At 298K, the graph shows how the period of oscillations varies in response to total parameter variation (how far a randomly picked parameter deviates from the baseline value). The percentage of co-efficient of variation (% CV) for each of the 200 sampled parameter sets for each model between 0.005 and 0.015 for the total parameter variation is shown with the corresponding color.

Finally our study has been able to identify that a combination of positive and negative feedback loops can reduce noise better in circadian clocks and that negative feedback loops are necessary for better temperature compensation. We further demonstrated that reactions driven by negative feedback loops generate temperature compensated oscillations.


  1. Rust, M. J., Markson, J. S., Lane, W. S., Fisher, D. S. & O’Shea, E. K. Ordered phosphorylation governs oscillation of a three-protein circadian clock. Science 318, 809–812 (2007).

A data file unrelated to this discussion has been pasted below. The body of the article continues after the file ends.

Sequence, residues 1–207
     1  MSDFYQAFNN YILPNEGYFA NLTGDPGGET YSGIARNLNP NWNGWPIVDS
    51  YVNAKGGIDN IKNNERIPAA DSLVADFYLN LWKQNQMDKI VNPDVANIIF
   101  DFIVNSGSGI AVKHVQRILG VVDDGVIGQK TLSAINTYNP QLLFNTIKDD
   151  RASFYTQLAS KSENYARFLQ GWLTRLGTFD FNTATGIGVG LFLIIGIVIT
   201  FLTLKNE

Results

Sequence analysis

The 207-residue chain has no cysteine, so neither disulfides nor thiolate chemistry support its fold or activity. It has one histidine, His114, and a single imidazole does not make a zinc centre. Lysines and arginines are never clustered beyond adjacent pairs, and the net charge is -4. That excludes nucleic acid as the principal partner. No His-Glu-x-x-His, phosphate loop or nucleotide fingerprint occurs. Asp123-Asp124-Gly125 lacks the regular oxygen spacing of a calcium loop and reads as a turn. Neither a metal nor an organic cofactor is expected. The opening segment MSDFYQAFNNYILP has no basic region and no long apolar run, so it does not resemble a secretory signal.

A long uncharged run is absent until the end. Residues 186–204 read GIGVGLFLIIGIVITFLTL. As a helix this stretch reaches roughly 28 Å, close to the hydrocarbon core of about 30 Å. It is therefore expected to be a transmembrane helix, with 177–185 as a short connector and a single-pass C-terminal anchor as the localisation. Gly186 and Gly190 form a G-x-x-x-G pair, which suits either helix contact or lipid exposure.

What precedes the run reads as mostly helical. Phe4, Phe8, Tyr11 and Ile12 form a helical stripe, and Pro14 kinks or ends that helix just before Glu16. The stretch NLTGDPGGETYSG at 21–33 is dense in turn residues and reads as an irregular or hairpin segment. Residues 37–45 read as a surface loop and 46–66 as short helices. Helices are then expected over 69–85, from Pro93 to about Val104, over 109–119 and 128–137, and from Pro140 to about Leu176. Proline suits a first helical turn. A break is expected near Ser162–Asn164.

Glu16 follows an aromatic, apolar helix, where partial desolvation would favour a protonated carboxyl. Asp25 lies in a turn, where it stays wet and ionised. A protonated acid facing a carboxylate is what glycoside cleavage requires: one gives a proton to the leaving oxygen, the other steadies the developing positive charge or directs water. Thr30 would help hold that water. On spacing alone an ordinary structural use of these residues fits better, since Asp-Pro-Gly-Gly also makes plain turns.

2. Gonze, D. & Ruoff, P. The Goodwin Oscillator and its Legacy. Acta Biotheor. 69, 857–874 (2021).
  3. Hernansaiz-Ballesteros, R. D., Cardelli, L. & Csikász-Nagy, A. Single molecules can operate as primitive biological sensors, switches and oscillators. BMC Syst. Biol. 12, 70 (2018).
  4. SEL’KOV, E. E. Self-Oscillations in Glycolysis 1. A Simple Kinetic Model. Eur. J. Biochem. 4, 79–86 (1968).